2019 – a non-age-stated rye whiskey that was finished in French Oak barrels and bottled at cask strength
2020 – “Dark Oak” goes on sale wearing a new label that is different from the copper-colored ones the last 3 wore. It is also not bottled at cask strength
2021 – Lot No. 40 Rye Explorations No. 1: Peated Quarter Cask is released
2022 – Corby announces that Dark Oak will go on sale in the US for around $80.
So how does Dark Oak taste? Is it worth your time and will it make you consider your rye whiskey choice next time you’re in the store? Let’s find out. Luckily for me, I have a trucker friend who recently went to Canada to pick up an R32 Nissan Skyline that he imported from Japan who brought me a bottle back. Time to dive in! As usual, I tasted this neat in a glencairn.
Nose: Surprisingly sweet smelling with loads of herbal and botanical notes. This takes the things I already like about Canadian rye whisky and corrects the things I don’t (like astringency, which I sometimes get). Sweet berry jams made from raspberries, blackberries and currants. Freshly grated ginger.
There’s plenty of vanilla too, undoubtedly stemming from the maturation in a newly charred barrel. One of the lingering scents is like freshly made Taffy. There is one peculiar off-scent and it’s similar to removing the packaging off of a medical bandage. Is this maybe as a result of the finishing in a re-charred barrel?
Palate: Sweet and soft with a decent number of oak notes, both familiar and strange. On the familiar side are seasoned oak and barrel char. On the strange side is similar to a wood cleaning product mixed with a bit of burnt matchstick.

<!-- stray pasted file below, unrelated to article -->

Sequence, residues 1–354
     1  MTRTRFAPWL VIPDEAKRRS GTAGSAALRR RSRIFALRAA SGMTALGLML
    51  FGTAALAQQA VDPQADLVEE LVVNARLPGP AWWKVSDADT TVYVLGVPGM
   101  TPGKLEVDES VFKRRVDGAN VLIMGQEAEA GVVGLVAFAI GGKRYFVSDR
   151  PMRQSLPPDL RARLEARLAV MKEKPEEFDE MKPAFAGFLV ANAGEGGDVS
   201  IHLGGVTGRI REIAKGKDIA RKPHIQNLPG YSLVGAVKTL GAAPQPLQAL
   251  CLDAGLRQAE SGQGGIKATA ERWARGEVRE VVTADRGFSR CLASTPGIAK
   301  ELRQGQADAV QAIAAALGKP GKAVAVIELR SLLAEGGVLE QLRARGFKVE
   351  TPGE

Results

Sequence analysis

Citrus flavors roll around my tongue with ease. The viscosity is nicely weighted, bordering on syrupy. Licorice rope makes my tongue do a little bit of a double-dutch with the anise and fennel seed that I can find. It’s unique and enjoyable. Finally, I get a taste similar to caramelized pineapple upside-down cake. I don’t think that I have experienced all of these flavors inside the same drink before.
Finish: The citrus flavors keep up all the way to the end with botanical notes offering a perfume-y finish to each sip. The oak turns drying and somewhat bitter. It is saved by residual sweetness from the fruit and caramel that I found along the way. Honestly, the finish is neither sweet nor dry, it’s just a little bit of everything. Big rye whiskey lovers will enjoy it, but a person dabbling in rye whiskey may not appreciate everything about it, especially if they’re only used to sweet bourbons.
After sipping on this bottle of Dark Oak, I felt that the makers of Lot No. 40 were trying to meet non-rye whiskey drinkers in the middle by attempting a compromise. They knew that the standard floral and herbal assault of their 86 proof bottling was maybe too much for a beginner.
So they decided to subdue it with a secondary barrel finish. It can’t totally hide the fact it’s a 100% rye grain bill underneath it all, but it makes a good effort. That secondary cask adds a lot of interesting flavors to the mix as well. The proof feels like it’s right in the sweet spot it should be for both new drinkers and serious enthusiasts too.
Dark oak is such a different and unique rye from the ones I typically enjoy. Then again, it was a rye whiskey made in Canada (Gimli Distillery) that opened my eyes to the wonders of this grain and I haven’t looked back since. Dark Oak takes the same great green and spice flavors that I love and have added additional traits through this secondary barrel finishing.
If you’re not into rye whiskey, or have only dipped your toes into it so far, this might not be for you. I personally believe everyone needs to have their own “Rye-naissance” before they can truly appreciate these kinds of whiskies.
Once you do, a whiskey like Lot No. 40 Dark Oak will make a lot more sense. Rye drinkers are after the explosive spice and unique green notes that are different from its corn-bred brethren. It’s what makes bottles like this so unique.
So if you’re after something unlike any other rye whiskey you’ve tasted before and you’re near a metro area that will carry this bottle, I’d suggest you scoop one up and try it out for yourself. There are certainly a lot worse ryes out there for the same price. This is one you should enjoy.